After Nissuin

  1. The husband can revoke her Nedarim exclusively from Nissuin and on.[41] Even if his wife is shrieking in disapproval, she cannot prevent her husband from revoking her Nedarim.[42]

Divorced

  1. Even if the husband did not hear her Nedarim during Nissuin, divorce closes the door on revoking them, even if he returns and enters Erusin with her again, since he needs the father's partnership to revoke Nedarim during Erusin.[43] Certainly Nedarim she takes during this Erusin after divorce from Nissuin are out of his range, as well.[44]
  2. If they get divorced, the husband cannot revoke her Nedarim from the moment the divorce has taken effect and the Get has arrived in her hands. Thus, if the status of the divorce is unclear, he should not revoke any of her Nedarim.[45] Similarly, if the divorce was made on condition or if the Get was handed to her courier (Shliach leHolacha)[46], he should not revoke any of her Nedarim if the Get arrived in her hands.[47] Post-facto, it would not be a valid Hafarah[48], unless it was a Get on condition and the condition was not fulfilled.[49]

Widowed

  1. Once she enters her husband's domain either by Nissuin or transfer to the husband's messengers exclusive escort,[50] if she is widowed, she can no longer return to her father's domain and her Nedarim remain intact.[51]
  2. If she heard that her husband passed away, remarried, and then found out that he's still alive, neither husband can revoke her Nedarim. The same is true regarding any marriage that violates a Karet level prohibition.[52]

Types of Marriages

  1. As above, these Halachot assume the marriage is a Halachically valid one. If the marriage entails an Issur Karet, these Halachot do not apply, because Kiddushin does not work in such cases.[53] However, if the marriage is to a Niddah, Issur Aseh, or Issur Lav, in which case, Kiddushin do take hold, and the husband revokes her Neder, the revocation is successful,[54] though he should not do so, ideally.[55]

Types of Nedarim

  1. The husband and father can only revoke Nedarim that are self afflicting to the woman or strain the bond between him and her. A Chacham, however, can annul any Neder.[56]
  2. Even if it was a Nedar Al Da'at Rabbim, the father and husband can still revoke it.[57]
  3. These Halachot apply equally to Shevuot, as well.[58]

Shabbat

See Nedarim on Shabbat

Sources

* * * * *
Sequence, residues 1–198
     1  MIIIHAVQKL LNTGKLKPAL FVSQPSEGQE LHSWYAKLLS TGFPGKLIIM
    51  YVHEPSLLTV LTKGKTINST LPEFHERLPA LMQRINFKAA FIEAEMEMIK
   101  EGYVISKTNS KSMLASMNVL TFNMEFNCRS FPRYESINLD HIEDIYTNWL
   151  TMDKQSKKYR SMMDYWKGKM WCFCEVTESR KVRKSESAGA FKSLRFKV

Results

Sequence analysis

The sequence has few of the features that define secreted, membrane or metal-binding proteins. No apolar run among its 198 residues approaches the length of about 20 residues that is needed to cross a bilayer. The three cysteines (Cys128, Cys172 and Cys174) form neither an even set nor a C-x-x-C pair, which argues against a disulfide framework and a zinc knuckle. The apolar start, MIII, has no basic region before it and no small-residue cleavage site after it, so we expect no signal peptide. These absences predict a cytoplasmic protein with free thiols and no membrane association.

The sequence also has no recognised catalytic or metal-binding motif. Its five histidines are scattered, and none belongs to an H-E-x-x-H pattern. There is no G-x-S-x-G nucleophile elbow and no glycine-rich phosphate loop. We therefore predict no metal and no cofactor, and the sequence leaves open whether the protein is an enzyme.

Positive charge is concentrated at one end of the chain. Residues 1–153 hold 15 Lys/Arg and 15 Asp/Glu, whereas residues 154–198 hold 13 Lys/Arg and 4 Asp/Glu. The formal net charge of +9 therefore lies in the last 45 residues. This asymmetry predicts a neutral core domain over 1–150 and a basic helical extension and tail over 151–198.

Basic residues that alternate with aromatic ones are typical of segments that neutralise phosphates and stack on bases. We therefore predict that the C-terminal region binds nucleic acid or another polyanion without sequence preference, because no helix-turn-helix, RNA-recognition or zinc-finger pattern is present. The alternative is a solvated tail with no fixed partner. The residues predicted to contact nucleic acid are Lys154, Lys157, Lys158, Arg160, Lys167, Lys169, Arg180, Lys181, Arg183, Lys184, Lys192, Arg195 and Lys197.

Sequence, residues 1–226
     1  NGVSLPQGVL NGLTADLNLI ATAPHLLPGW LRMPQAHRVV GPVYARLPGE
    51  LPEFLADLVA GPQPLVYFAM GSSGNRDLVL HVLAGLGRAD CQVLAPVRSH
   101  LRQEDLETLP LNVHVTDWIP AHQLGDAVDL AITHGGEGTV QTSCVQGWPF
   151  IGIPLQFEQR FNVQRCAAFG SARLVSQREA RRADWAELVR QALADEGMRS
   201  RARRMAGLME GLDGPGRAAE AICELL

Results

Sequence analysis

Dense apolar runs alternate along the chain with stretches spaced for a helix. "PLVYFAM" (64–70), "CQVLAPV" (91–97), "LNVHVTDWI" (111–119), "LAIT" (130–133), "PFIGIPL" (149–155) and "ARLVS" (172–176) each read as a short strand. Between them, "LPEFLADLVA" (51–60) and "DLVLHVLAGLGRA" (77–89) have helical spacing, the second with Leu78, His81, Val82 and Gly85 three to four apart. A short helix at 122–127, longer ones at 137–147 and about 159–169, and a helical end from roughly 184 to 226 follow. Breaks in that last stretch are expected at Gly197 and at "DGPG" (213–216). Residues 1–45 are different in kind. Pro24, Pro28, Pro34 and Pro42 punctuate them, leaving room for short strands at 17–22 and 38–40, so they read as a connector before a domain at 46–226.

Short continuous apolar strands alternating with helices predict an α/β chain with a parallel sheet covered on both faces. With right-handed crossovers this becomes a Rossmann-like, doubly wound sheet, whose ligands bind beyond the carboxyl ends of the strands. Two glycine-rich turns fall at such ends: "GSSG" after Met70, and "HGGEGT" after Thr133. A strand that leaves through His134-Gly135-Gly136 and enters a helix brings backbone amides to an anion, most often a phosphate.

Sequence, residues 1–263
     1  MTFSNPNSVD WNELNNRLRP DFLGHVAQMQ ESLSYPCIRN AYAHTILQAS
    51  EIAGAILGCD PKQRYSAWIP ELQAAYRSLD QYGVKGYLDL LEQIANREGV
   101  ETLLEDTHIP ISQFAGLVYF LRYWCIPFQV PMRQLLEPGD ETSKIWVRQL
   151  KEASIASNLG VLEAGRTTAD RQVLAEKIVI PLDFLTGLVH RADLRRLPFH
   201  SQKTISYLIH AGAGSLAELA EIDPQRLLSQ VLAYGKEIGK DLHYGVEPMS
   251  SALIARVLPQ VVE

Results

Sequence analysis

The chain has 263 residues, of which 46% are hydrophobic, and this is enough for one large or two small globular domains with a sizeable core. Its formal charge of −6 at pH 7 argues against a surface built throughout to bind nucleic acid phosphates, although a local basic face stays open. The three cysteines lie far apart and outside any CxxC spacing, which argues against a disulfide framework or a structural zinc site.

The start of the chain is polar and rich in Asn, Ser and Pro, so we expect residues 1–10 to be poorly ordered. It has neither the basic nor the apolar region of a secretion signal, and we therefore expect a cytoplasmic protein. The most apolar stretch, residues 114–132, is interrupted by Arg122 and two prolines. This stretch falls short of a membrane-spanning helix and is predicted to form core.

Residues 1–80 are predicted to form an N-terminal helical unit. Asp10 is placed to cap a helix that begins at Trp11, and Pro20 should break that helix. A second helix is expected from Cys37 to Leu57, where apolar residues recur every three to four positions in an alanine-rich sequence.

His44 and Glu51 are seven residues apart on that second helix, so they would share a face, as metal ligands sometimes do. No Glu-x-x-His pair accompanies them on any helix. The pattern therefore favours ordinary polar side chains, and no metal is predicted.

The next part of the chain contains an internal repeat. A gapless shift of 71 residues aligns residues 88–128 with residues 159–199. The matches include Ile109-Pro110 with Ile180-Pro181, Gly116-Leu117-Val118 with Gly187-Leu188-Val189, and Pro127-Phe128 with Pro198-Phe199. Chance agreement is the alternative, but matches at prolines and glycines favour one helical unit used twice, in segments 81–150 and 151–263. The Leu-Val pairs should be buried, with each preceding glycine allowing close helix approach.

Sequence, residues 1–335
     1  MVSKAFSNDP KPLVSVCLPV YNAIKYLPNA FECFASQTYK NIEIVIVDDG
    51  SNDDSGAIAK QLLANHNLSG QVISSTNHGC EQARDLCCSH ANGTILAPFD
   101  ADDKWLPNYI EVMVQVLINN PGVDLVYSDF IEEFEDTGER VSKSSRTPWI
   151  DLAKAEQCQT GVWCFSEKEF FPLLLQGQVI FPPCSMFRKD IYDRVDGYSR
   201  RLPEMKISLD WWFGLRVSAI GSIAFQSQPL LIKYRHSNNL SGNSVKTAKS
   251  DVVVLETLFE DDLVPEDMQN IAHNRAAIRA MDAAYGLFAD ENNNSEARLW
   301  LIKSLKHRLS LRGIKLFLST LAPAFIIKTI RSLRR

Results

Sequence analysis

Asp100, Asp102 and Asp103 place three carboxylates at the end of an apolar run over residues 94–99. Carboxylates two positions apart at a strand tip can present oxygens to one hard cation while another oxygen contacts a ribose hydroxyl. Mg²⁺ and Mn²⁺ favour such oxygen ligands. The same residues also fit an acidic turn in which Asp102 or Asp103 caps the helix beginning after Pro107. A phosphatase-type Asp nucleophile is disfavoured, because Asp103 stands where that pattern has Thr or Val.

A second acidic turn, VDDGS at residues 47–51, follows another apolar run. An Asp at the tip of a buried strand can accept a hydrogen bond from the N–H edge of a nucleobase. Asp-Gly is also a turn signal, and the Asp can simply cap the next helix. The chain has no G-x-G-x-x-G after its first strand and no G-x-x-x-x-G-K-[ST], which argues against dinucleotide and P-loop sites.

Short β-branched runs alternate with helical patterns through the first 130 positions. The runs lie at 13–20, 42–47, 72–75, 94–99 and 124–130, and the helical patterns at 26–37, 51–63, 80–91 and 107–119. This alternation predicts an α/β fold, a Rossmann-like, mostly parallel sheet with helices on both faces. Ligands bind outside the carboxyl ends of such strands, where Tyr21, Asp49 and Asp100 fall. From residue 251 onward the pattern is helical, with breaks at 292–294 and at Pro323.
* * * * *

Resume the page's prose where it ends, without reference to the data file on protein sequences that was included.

1. Shulchan Aruch Yoreh Deah 234:23
  2. Rama ibid admits the former opinion is correct but opts to be stringent for the latter opinion. Birkei Yosef (Yoreh Deah 234:3 cites Radbaz who agrees. Taz Yoreh Deah 234:26 explains that this is based on כל אשה על דעת בעלה היא נודרת, but the Gra writes that Hakama strengthens the Neder too much for Hatarah to work. See Shu"t Teshuvot veHanhagot vol. 1 Siman 524 who discusses the practical difference of the father instead of the husband upholding his daughter's Neder. The Shach Yoreh Deah 234:37 adds that certainly if the husband didn't hear of the Neder one can be lenient. If it's past the day he heard of it, then the Shach (Yoreh Deah 234:38-39) recommends he should first annul his upholding of the Neder, then revoke her Neder, and then she should go to Beit Din unless he's not available, in which case, one can rely on the first opinion and just let her get it annulled. Rabbi Akiva Eiger (ad loc.) thinks that he does not need to revoke the Neder in between.
  3. Shulchan Aruch Yoreh Deah 234:29 presents it as a Stam vaYesh
  4. Shulchan Aruch Yoreh Deah 234:31. The Bach (s.v. uLeInyan, Taz (Yoreh Deah 234:31), and Shach (Yoreh Deah 234:47) are stringent if he did not make a general Hafarah not specific to his daughter that it shouldn't work, since it's a Machaloket Rishonim on a Din DeOraita.
  5. Shulchan Aruch Yoreh Deah 234:32
  6. Shulchan Aruch Yoreh Deah 234:21
  7. Shulchan Aruch Yoreh Deah 234:21
  8. Taz Yoreh Dea 234:25
  9. Shach Yoreh Deah 234:35, see Shulchan Aruch Yoreh Deah 234:41
  10. Shulchan Aruch Yoreh Deah 234:22
  11. Shulchan Aruch Yoreh Deah 234:25
  12. Shulchan Aruch Yoreh Deah 234:25
  13. Rama ibid. Shach Yoreh Deah 234:42 clarifies that he must stipulate that it should take effect when he hears of it.
  14. Shulchan Aruch Yoreh Deah 234:26
  15. Shulchan Aruch Yoreh Deah 234:27
  16. Shulchan Aruch Yoreh Deah 234:28
  17. Rama ibid. The Shach Yoreh Deah 234:45 complains that the Beit Yosef incorrectly cites the Rabbeinu Yerucham this Halacha is based on. What he actually says is that a woman who stipulates that a Neder should take effect depending on something that is "Inui Nefesh" or "Beino leVeinah" is in his range of revoking and Nedarim that don't have such a stipulation are not. The Shach recommends being stringent by Issurei DeOraita.
  18. Shulchan Aruch Yoreh Deah 234:30
  19. Shulchan Aruch Yoreh Deah 234:1
  20. Shulchan Aruch Yoreh Deah 234:10
  21. Shu"T Teshuvot veHanhagot vol. 1 Yoreh Deah Siman 524